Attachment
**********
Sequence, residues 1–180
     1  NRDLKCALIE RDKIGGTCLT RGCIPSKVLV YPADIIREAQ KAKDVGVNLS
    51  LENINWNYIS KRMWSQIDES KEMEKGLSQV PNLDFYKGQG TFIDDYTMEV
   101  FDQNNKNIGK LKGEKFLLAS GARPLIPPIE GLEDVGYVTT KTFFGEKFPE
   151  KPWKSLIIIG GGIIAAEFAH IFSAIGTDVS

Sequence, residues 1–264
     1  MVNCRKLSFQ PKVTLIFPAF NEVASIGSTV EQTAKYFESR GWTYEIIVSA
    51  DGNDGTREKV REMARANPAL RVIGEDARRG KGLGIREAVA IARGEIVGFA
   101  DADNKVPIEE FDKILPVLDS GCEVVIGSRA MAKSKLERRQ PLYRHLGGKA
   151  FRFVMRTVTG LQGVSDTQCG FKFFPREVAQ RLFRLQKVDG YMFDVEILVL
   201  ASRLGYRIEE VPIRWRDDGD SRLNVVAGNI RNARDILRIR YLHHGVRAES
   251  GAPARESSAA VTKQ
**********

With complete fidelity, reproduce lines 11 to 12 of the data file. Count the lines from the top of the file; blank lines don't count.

   201  ASRLGYRIEE VPIRWRDDGD SRLNVVAGNI RNARDILRIR YLHHGVRAES
   251  GAPARESSAA VTKQ